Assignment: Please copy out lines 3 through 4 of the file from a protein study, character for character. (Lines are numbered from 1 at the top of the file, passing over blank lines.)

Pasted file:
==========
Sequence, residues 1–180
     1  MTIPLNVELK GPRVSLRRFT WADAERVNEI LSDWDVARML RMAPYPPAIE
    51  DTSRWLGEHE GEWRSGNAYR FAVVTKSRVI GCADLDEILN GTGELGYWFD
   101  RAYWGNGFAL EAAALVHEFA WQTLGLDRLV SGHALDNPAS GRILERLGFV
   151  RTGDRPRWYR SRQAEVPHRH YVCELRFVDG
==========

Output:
    51  DTSRWLGEHE GEWRSGNAYR FAVVTKSRVI GCADLDEILN GTGELGYWFD
   101  RAYWGNGFAL EAAALVHEFA WQTLGLDRLV SGHALDNPAS GRILERLGFV